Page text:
Lincoln Assassination Conspirators: Their Confinement and Execution, as Recorded in the Letterbook of John Frederick Hartranft

Overview

On May 1, 1865, two weeks after Abraham Lincoln's assassination, recently inaugurated president Andrew Johnson appointed John Frederick Hartranft to command the military prison at the Washington Arsenal, where the U.S. government had just incarcerated the seven men and one woman accused of complicity in the shooting. From that day through the execution of four of the accomplices, the Pennsylvania-born general held responsibility for the most notorious prisoners in American history. A strict adherent to protocol, ...

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Overview

On May 1, 1865, two weeks after Abraham Lincoln's assassination, recently inaugurated president Andrew Johnson appointed John Frederick Hartranft to command the military prison at the Washington Arsenal, where the U.S. government had just incarcerated the seven men and one woman accused of complicity in the shooting. From that day through the execution of four of the accomplices, the Pennsylvania-born general held responsibility for the most notorious prisoners in American history. A strict adherent to protocol, Hartranft kept a meticulously detailed account of his experiences in the form of a letterbook. In The Lincoln Assassination Conspirators, noted Lincoln scholars Edward Steers, Jr., and Harold Holzer, in partnership with the National Archives, present this fascinating historical record for the first time with contextual materials and expert annotations, providing a remarkable glimpse behind the scenes of the assassination's aftermath.

Hartranft oversaw every aspect of the prisoners' daily lives, from making sure they were fed and kept clean to ensuring that no one communicated with them except on the written orders of Secretary of War Edwin M. Stanton. In his Letterbook, Hartranft scrupulously recounts the arrival of each prisoner and describes the prison routine -- which included three simple meals a day, a twice-daily cell inspection by Hartranft himself, and frequent physical examinations by an army physician. The prisoners wore wrist and leg shackles and, controversially, most of them wore special hoods designed to isolate them from their surroundings.

When the conspirators' trial began, the nation waited eagerly for news, and many sought retribution against those they held responsible for the nation's grief. Hartranft resisted calls for both vengeance and mercy and continued to treat his notorious charges as humanely as possible, facilitating meetings with clergy and sending letters to and from family members. Yet, as his detached, detailed description of the execution of four of the conspirators shows, he did not allow emotion to impede the performance of his duty.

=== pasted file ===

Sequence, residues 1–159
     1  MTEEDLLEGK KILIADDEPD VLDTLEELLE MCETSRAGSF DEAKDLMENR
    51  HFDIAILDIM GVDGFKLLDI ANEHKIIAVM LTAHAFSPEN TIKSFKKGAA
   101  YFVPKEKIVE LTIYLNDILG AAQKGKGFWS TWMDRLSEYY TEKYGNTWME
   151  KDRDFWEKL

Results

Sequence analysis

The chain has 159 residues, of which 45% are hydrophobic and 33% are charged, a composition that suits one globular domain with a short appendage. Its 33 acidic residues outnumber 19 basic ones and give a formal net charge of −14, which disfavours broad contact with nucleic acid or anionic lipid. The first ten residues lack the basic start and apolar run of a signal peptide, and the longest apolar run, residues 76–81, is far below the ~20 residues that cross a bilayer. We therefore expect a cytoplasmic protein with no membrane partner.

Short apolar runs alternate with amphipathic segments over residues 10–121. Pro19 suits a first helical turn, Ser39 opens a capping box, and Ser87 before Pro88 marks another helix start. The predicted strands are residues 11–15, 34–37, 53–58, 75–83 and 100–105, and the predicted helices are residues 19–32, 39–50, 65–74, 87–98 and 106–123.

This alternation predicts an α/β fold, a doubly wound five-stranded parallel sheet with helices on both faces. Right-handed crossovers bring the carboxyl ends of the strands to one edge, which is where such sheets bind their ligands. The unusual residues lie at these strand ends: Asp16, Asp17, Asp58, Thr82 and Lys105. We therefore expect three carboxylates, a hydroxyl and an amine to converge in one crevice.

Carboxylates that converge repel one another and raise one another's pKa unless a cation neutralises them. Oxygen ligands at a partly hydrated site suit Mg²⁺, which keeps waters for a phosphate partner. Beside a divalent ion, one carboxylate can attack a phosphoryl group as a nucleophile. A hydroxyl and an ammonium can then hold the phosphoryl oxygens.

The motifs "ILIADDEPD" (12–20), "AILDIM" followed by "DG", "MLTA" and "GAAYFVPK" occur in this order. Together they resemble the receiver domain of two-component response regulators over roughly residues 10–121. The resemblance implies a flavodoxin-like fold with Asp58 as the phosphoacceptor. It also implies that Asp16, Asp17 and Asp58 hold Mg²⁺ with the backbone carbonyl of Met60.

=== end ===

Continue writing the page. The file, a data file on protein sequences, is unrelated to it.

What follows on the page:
The legal and moral issues surrounding the conspirators' trial -- the extraordinary use of military rather than civil justice, the treatment of the accused while incarcerated, the fine line between swift and precipitous justice -- remain volatile, unsettled issues today. Hartranft's keen observations, ably analyzed by historians Steers and Holzer, will add a riveting new chapter to the story of Lincoln's assassination.

LSU Press

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Editorial Reviews

Library Journal

Two weeks after Lincoln's assassination, President Andrew Johnson appointed John Frederick Hartranft as commandant of the Washington Arsenal military prison to guard and look after the eight conspirators awaiting trial in the assassination plot. As part of the official government record, Hartranft kept a letterbook, mainly containing retained copies of his official reports on the daily tasks that his oversight involved. Renowned Lincoln scholars Steers (Blood on the Moon: The Assassination of Abraham Lincoln) and Holzer (Lincoln President-Elect) provide background information about Hartranft, the conspirators, and the legal issues surrounding the military tribunal, followed by a transcription of the letterbook itself, a primary source that offers a unique look into one of the most controversial chapters in American history. It shows that Hartranft had a keen eye for detail and a strict adherence to protocol in relaying information objectively; as the trial itself progressed, he never allowed his emotions to get in the way of doing his duty. He granted small privileges to the prisoners, such as mailing their letters to family members, and he allowed five of the convicted conspirators to have their padded hoods removed for their hanging owing to their distress in wearing them. This strong addition to Lincoln assassination studies is highly recommended for academic libraries.
—Gayla Koerting

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Product Details

  • ISBN-13: 9780807133965
  • Publisher: Louisiana State University Press
  • Publication date: 3/15/2009
  • Pages: 208
  • Sales rank: 1,037,855
  • Product dimensions: 6.10 (w) x 9.10 (h) x 1.00 (d)

Meet the Author

Edward Steers, Jr., is the author or editor of numerous books and articles on the life and death of Abraham Lincoln, including The Escape and Capture of John Wilkes Booth and Lincoln Legends: Myths, Hoaxes, and Confabulations Associated with Our Greatest President. He lives in Berkeley Springs, West Virginia.

Harold Holzer is the author or coauthor of 31 books and 400 articles on the political culture of Abraham Lincoln and the Civil War era. In 2005, he received a Lincoln Prize for his book Lincoln at Cooper Union and performed "Lincoln Seen and Heard" with actor Sam Waterston, broadcast live on television from the White House. He lives in New York, where he is senior vice president for external affairs at the Metropolitan Museum of Art.

LSU Press

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